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abuse of the Sabbath. The king issued a declaration, setting forth the orthodoxy, and enjoining the indulgence, of sports and refreshments on a Sunday; and the same wholesome doctrine was weekly inculcated from all the loyal pulpits in the kingdom., Were twelve books of the purest and most sublime morality very likely to find readers, in an age when a man must be a libertine, or be nothing?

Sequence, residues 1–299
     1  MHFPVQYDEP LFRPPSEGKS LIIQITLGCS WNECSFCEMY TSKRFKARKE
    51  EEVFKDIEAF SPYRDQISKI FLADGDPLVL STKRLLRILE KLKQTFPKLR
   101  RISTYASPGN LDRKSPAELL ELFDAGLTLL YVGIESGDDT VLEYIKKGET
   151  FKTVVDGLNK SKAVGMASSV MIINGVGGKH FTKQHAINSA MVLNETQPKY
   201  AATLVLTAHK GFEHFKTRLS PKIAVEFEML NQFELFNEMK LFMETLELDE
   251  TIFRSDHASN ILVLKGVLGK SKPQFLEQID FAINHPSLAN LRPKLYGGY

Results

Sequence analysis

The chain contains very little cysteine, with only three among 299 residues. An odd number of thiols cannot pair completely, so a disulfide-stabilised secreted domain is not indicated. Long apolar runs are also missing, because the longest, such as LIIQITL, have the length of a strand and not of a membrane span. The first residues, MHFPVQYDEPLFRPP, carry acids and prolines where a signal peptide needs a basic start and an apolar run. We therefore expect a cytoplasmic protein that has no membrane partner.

The literature of the times was quite as hopeless as the religion. The sort of composition, which pleased the court, was a farrago of English absurdity, Italian conceit, and French frivolity. This taste first made its appearance in the reign of queen Elizabeth: time gradually matured and expanded it; and, in the reign of Charles the second, the importation of French modes set off and finished the work. The reader may judge what it must have became at last, by knowing what it was originally. 'In Elizabeth's reign,' says Mr. Scott, 'the court language was formed on the plan of one Lillie, a pedantic courtier, who wrote a book, entitled Exphues and his England, or the Anatomy of Wit; which quality he makes to consist in the indulgence of every monstrous and overstrained conceit, that can be engendered by a strong memory and a heated brain, applied to the absurd purpose of hatching unnatural conceits. Our deserved idolatry to Shakspeare and Milton was equalled by that paid to this pedantic coxcomb in his own time. He is called, in the title page of his plays, (for, besides Euphues, he wrote what he styled Court Comedies,) 'the only rare poet of that time; the witty, comical, facetiously quick, and unparalleled John Lillie.' Moreover, his editor, Mr. Blount, assures us, that he sate at Apollo's table; that Apollo gave him a wreath of his own bays, without snatching; and that the lyre he played on had no broken strings. Besides which, we are informed, our nation are in debt for a new English, which he taught them; Euphues and England be